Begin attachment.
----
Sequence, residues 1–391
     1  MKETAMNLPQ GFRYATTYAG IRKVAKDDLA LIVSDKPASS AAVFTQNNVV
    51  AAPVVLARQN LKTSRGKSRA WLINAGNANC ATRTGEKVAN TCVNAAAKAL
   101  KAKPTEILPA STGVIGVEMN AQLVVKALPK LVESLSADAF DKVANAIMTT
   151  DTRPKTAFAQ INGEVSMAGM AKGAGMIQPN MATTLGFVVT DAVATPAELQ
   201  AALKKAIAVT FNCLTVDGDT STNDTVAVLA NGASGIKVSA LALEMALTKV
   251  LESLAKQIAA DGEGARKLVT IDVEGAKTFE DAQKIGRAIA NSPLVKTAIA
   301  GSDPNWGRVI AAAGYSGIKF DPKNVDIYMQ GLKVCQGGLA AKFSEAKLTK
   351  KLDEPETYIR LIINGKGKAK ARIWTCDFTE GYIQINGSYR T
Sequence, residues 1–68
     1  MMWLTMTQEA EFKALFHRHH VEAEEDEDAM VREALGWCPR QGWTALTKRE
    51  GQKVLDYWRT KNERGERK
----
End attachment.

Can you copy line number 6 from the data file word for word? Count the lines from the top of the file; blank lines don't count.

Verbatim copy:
   201  AALKKAIAVT FNCLTVDGDT STNDTVAVLA NGASGIKVSA LALEMALTKV